On September 3, 1980 in La Mirada, California, Bev and Doug Finch welcomed a new baby to the world. That day was the day that, Jennie Finch, an olympic gold medalist, Japan Cup MVP, Women’s sports foundation Athlete of the year, and 2009 USA Softball player of the year was born. Jennie is a well known softball player for the Chicago Bandits and the USA Olympic Softball team. Jennie grew up around softball and baseball her whole life and pursued her dreams of being a softball player when she grew up.
Jennie Finch was the youngest of her two brothers. Family is who she gives most credit to for her success, and something that is very important to her. Jennie’s mom was a die hard Dodgers fan, her father worked with her on softball skills over the years to build her into a better player, and her brothers both also loved to play baseball. Her family has made a very big impact on her softball career and has been there for her through every step of the way.
Starting to play softball at age five, Jennie was being taught by her father to pitch by the age of eight. He was her first pitching coach, and as her coach, he was doing anything and everything to be able to help her get all of the practice she could get in. He did absolutely everything her could to help her progress and succeed. Helping her get in the practice that she needed, he made his own batting cage in their backyard, and would sit back there with her for hours while she threw to him. He also made a pitch-back. It was made out of a trampoline for her to pitch into in the evening and when he wasn’t there to catch for her. He eventually became her personal coach.
Jennie was playing for a 10u team at the age of eight and was gone almost every weekend to a different field playing with her all-star traveling team. Jennie was very competitive and the more competitive the playing environment was, the more Jennie was wanting and thriving to play. She hated to lose and did everything she possibly could to prevent that from happening. At age twelve, she was playing for a 12u team that she led to win the American Softball Association title in Chattanooga, Tennessee. Every summer, Jennie took her skill levels and made an impact on the national tournaments.
From the start of Jennie’s pitching career it was obvious that she lived a competitive environment, and so was her natural athletic ability. Her hand-eye coordination was great, and she was bigger and faster than most of her teammates. She had a cannon for an arm, and that strength helped her speed and power of her pitches.
Jennie Finch was known as a very famous pitcher through college, and when she started playing for the United States Olympic team. She played for the University of Arizona from her Freshman to Senior year. She was then in National Pro Fastpitch playing and pitching for the Chicago Bandits. She has been on the US Olympic team since 2006. Finch has been named for many awards throughout her career and overall has had a very successful career.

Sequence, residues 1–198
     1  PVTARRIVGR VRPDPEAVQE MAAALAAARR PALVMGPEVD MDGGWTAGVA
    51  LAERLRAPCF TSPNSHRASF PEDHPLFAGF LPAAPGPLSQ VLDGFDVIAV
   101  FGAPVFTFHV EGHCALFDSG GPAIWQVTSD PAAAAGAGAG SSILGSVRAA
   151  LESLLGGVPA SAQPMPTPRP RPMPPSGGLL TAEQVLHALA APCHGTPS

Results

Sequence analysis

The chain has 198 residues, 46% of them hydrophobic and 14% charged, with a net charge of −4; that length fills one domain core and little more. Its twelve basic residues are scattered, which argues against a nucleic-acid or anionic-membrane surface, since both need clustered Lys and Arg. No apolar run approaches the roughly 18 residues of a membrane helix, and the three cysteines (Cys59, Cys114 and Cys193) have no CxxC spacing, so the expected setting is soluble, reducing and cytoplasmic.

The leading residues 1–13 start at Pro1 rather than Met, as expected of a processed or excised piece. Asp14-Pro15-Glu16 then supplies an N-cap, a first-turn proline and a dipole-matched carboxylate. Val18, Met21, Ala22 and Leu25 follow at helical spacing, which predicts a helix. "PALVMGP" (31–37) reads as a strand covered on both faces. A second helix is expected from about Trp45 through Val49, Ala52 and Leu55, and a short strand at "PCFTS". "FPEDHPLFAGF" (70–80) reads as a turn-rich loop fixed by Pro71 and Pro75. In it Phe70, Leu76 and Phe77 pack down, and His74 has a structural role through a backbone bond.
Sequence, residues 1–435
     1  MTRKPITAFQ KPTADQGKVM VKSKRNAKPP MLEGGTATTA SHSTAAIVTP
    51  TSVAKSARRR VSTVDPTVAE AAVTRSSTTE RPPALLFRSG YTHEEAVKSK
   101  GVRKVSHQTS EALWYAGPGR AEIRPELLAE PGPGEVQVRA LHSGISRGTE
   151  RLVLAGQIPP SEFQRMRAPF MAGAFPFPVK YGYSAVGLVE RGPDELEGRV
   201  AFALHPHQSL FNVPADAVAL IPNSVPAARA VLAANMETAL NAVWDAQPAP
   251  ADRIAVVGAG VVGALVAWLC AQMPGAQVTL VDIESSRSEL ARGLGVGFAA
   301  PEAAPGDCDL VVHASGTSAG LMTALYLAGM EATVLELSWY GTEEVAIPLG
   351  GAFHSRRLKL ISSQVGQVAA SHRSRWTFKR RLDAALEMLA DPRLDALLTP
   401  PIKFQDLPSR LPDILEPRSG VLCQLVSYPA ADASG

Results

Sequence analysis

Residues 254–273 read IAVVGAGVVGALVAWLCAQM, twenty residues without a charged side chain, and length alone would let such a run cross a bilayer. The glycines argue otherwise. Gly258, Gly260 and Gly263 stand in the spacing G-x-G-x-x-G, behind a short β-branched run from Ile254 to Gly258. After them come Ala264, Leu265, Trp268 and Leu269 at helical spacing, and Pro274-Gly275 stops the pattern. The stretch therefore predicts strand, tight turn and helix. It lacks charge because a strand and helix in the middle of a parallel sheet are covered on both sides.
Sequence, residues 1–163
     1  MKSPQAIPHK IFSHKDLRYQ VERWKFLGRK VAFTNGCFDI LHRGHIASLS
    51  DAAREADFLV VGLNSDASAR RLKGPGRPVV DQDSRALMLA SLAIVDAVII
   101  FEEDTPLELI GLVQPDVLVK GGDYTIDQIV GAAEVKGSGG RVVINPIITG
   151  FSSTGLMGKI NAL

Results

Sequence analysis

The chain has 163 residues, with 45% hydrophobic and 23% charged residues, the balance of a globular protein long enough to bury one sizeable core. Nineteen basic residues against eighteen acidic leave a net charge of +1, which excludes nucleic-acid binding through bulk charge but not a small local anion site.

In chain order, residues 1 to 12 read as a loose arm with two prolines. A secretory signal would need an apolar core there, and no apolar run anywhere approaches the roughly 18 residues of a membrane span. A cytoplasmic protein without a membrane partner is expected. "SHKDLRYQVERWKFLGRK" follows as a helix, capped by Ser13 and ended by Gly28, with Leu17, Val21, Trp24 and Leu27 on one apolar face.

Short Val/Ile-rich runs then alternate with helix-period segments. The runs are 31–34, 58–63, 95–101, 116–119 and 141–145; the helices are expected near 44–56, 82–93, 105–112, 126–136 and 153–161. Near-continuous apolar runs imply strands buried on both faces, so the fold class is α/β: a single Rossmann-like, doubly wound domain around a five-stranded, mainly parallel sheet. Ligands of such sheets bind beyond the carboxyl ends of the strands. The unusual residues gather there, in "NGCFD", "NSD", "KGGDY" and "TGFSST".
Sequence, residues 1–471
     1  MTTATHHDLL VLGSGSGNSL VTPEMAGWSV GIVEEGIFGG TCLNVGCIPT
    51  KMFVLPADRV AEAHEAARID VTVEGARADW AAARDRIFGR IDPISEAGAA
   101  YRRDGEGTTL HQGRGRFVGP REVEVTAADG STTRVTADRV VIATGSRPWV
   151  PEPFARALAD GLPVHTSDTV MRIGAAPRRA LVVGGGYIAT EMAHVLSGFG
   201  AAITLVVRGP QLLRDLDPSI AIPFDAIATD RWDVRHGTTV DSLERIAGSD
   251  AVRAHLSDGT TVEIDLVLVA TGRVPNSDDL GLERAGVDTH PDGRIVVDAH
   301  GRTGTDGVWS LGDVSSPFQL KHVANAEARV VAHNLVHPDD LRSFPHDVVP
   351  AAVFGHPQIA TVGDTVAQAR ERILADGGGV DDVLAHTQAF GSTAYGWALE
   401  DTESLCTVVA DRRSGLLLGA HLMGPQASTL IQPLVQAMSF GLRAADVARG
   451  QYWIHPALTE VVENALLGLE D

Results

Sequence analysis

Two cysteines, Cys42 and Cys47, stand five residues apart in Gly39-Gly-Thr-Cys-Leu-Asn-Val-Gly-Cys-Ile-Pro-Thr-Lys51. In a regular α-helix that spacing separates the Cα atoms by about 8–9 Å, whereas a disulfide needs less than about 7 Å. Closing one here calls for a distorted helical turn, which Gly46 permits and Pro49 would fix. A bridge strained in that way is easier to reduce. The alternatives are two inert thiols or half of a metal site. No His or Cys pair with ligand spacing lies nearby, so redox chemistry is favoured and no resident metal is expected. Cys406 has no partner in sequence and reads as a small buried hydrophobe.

Jennie is married to Casey Daigle a major league baseball pitcher. He proposed to her on the University of Arizona’s softball field. He took her to the mound blindfolded.
He said, “You have been the queen of the diamond for four years. Now I want you to be the queen of my heart.”
They have two sons and a daughter together; their oldest son, Ace Shane, was born on May 4, 2006, and their youngest, Diesel Dean, was born on June 19, 2011. Their daughter, Paisley Faye, was born on January 12, 2013. On July 20, 2010, she announced that she would be retiring to focus more on her family. She was the most famous softball pitcher of her era.
On April 16, 1983, Gary and Laura Osterman gave birth to a beautiful brown eyed, brown haired baby girl named, Cat Osterman, not knowing that she would grow up to be the wonderful athlete that she is.
Cat started playing softball in first grade, but quit to play basketball and soccer. She started softball again in fifth grade, and that’s when she found the love of the game. She was the backup pitcher on her little league team. Over the years, Cat has set many records. In her high school softball career, she broke school records for strikeouts. During all of Cat’s years playing, she made a lot of progress and is now a very successful pitcher.
On Cat’s last ride, she quoted, “I’ve laced up my cleats for the last time, and of course, it’s now that I wish for just one more day. Not every ending can be storybook, and in this case it’s not. I say ‘it’s ok’ because the last 2 nights I left everything I have on that field in Hoover, and the game unfolded how the softball Gods wanted it to. Twenty-one years ago, I asked for a pitching lesson for my 11th birthday; no one would have imagined where it would lead. Thank you to my parents & family for the amazing support on this journey, to my amazing teammates on every team along the way, to my coaches… Especially Ken Eriksen who helped mold a skinny little 18 year old, Bobby Smith, who taught me to spin the ball the way I do, and to Coach Clark for giving me an opportunity. Thank you USA Softball for a great 10 year run with 2 Olympics. To Don and USSSA Florida Pride, thank you for an incredible 6 years of being a professional!”
Jennie Finch and Cat Osterman have both been very successful with their careers. Before they were on the Olympic team together, they played against each other and were opponents in the National Pro Softball League. They have both been big influences on young softball players and teaching them to never give up on doing something they love. They are now both retired from their softball careers to spend more time with their families and friends.